Rebuilding Lagos Trust Fund sets for action
Following last week’s report on the perceived delay and lackadaisical approach of Lagos State government to rebuild and rehabilitate destroyed monuments during last year’s #EndSARS protests, the Rebuild Lagos Trust Fund (RLTF), yesterday, restated its commitment to start work as soon as possible.
In a statement made available to The Guardian, Communications Manager of the Fund, Oyeleke Akinpelu, said the body will operate as a not-for-profit, Public Private Partnership (PPP), with a dual mission to restore and rebuild identified public assets, and to enhance public confidence.
He said the fund is guided by its vision “to be a catalyst that helps rebuild Lagos for tomorrow.”Akinpelu said the Fund has identified six initial projects to spring board its operations in the state, which include the Iga Idunganran Primary Health Care (PHC) Centre and the High and Magistrate courts of Lagos State, Igbosere.
Others are Lagos City Hall, Ikotun Fire Station, Alimosho Local Government, Lagos State DNA And Forensic Centre and Oyingbo Bus Terminal.
The statement read: “Dr. Yemi Cardoso has reiterated the Fund’s commitment to ensuring speedy delivery of its mandate, as enshrined in its mission statement, “To rebuild: restore or improve damaged public assets resulting from unrests in Lagos.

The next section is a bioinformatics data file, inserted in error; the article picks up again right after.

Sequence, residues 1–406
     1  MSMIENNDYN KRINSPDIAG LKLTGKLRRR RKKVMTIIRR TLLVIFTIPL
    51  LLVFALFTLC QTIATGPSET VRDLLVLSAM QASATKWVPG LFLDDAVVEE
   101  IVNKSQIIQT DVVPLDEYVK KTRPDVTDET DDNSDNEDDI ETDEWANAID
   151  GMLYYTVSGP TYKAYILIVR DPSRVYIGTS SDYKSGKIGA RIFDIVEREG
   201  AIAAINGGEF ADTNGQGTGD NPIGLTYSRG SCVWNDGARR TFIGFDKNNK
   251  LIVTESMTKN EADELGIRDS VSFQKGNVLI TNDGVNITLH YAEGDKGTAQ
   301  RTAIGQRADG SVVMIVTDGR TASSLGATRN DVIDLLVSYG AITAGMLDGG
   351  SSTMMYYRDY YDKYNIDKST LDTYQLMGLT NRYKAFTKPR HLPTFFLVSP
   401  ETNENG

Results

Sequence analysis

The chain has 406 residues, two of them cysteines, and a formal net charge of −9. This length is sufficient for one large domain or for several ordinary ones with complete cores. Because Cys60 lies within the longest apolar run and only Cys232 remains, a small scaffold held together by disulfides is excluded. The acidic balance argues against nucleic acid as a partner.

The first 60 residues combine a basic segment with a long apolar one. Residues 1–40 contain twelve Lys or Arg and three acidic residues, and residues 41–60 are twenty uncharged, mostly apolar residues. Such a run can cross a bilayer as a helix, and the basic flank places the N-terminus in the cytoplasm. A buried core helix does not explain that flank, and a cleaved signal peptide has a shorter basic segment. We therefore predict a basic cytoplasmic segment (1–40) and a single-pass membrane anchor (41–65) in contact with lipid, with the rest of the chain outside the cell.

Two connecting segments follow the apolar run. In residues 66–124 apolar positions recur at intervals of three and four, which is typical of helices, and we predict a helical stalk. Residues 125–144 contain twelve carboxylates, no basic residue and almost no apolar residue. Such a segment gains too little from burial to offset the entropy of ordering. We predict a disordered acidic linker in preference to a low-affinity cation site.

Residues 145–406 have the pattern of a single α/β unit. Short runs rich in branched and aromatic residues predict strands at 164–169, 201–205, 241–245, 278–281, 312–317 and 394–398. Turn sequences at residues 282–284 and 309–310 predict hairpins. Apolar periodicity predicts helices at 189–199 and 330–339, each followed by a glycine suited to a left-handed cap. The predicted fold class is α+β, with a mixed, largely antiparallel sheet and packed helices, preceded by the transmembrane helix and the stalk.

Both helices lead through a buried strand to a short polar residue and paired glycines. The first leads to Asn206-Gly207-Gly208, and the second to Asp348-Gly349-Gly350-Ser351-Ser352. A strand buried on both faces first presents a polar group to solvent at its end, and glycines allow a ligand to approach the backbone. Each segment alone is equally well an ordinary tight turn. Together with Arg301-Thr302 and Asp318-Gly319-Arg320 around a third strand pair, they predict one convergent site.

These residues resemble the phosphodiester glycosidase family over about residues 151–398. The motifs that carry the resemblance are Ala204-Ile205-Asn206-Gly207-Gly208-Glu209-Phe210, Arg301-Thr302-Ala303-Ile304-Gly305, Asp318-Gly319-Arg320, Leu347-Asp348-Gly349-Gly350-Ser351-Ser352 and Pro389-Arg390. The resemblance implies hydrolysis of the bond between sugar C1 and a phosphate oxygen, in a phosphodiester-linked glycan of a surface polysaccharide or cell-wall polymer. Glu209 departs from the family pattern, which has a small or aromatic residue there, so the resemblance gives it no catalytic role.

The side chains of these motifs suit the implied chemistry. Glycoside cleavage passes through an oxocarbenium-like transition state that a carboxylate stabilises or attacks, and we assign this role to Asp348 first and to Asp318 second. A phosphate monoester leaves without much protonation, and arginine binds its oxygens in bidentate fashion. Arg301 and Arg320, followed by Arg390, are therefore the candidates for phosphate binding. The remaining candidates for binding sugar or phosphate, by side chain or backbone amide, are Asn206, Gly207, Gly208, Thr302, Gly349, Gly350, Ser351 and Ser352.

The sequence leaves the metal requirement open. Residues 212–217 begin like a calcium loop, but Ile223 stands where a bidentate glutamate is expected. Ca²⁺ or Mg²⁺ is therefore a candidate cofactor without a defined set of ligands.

“The first project is the Iga-Idunganran Primary Health Centre and upon completion, it will serve over two million residents and visitors of Lagos Island.”
Speaking on the delayed rehabilitation, Chairman of the Nigerian Bar Association (NBA), Epe branch, Mr. Ademola Koko, said he was sure that Governor Babajide Sanwo-Olu would keep to his promises.
He said contrary to insinuation that government is relaxing, “they are actually working out modalities to rebuild the destroyed edifices.”
He said: “We have held series of meetings with Chief Justice, Kazeem Alogba and thousands of cases, which files were burnt have been recovered. It takes a focused leadership to achieve this. The Chief Justice is also furnishing us with the reports on every step taken, how several other courts, and even the Federal High Court gave out their courts and buildings to assist.”
In his reaction, a legal practitioner, Mr. Akeem Aponmade, said:
“What happened to the Igbosere High Court building was very unfortunate. But then, sometimes when an undesired incident happens, it presents an opportunity for improvement. The court got destroyed beyond repairs. It would have been nice for us to maintain the old edifice, being one of the monuments inherited from the Colonia Lords. But it has gone for good. Do we need a new one? Yes. Do we need it urgently? Very much so. That is what I think the government ought to do. It ought to have worked very hard and very fast to get a replacement.
“It is almost a year now. October will make it one year since the incident and nothing seems to be happening. We have matters that are supposed to be handled by some of these courts, but there are no courtrooms.”